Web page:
Wednesday, 15 September 2010

What I do

Fixing things is in my DNA - it's one of those passions that keeps me motivated and busy. Maybe it is the hunt - tracking down why something does not work that I find interesting, like a detective gathering evidence and then making a deduction that solves the mystery. Or maybe it is the fun in discovering or learning new features about a technology as I try to solve a bug. Or it could be the warm feeling in knowing that a problem is fixed which helps users to have a less buggy machine. Whatever the underlying reason, I get a kick out of fixing obscure problems and making things work better.

Fortunately for me, my work in Canonical enabling Ubuntu to work on PCs fulfils this passion of mine. My daily work normally involves me looking at obscure firmware issues in PC BIOSs and figuring out what is wrong and how to address and fix the problem.

Without fixing these issues, quite a few machines would just not function correctly for various reasons. My work involves fixing issues such as Suspend/Resume and Hibernate/Resume hangs, or looking at why hardware is not quite configured correctly after boot or resume. Unfortunately buggy firmware does happen quite frequently and leads to all sorts of weird issues. Hotkeys, LCD backlights, wake alarms, fan controls, thermal trip points and even CPU configuration can be affected by BIOS or ACPI bugs. All these need fixing, so it keeps me busy!

Fun in the deep end

Firmware is unlike Open Source code found in Ubuntu - firmware is closed, proprietary and hence figuring out why it's broken can be tricky and hence time consuming.

I spend quite a lot time looking at kernel logs, ACPI tables and disassembling ACPI byte code looking at why kernel/BIOS interactions are misbehaving. Some of the work involves looking at the way the BIOS interacts with the embedded controller and figuring out if the ACPI byte code is written correctly or not.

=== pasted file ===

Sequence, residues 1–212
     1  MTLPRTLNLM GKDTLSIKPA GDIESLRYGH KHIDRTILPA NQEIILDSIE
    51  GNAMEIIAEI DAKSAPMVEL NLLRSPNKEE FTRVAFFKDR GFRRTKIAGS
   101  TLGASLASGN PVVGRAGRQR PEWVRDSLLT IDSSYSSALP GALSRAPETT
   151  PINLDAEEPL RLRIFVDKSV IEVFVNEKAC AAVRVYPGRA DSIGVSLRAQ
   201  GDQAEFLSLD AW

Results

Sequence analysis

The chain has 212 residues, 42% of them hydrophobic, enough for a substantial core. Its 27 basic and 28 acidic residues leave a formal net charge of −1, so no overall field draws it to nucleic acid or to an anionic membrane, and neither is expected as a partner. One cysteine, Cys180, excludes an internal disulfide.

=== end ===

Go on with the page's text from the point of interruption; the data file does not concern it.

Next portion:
Because Canonical has a good relationship with many desktop hardware vendors, I have access to the BIOS engineers who are actually writing this code. I can directly report my findings and suggested fixes to them, and then they re-work the BIOS. The end result is a PC that is sold with a BIOS that works correctly with Linux, and not just Ubuntu - all distributions benefit from this work.

You may not see my fixes appear as commits in the Linux kernel because much of my work is silent and behind the scenes - fixing firmware that make Linux work better.

Quality Counts

My other passion is quality. While it's fine to fix bugs, it's even better to detect them in the first place! Hence I was motivated to write the Firmware Test Suite - this is a tool that aims to find and diagnose BIOS and ACPI bugs automatically and even suggest possible workarounds and fixes. This tool is now being actively used by BIOS vendors to catch errors early in the development cycle and is part of the on going work to make sure that Linux compatibility really matters.

I've been developing this tool for the Maverick 10.10 release and hope to add more intelligent firmware tests for Natty 11.04 based on further analysis of current bug reports and lessons learnt while enabling Ubuntu on various PC hardware platforms.

I hope this gives a flavour of the kind of work I do for Ubuntu. It's enjoyable, challenging and satisfying to see one's work make Linux better.


  1. Wow, this seems an interesting job! Hard, extremely intellectual but rewarding! Thanks for yr contribution!

  2. Thanks for the post. I read your posts with interest. Keep the good work!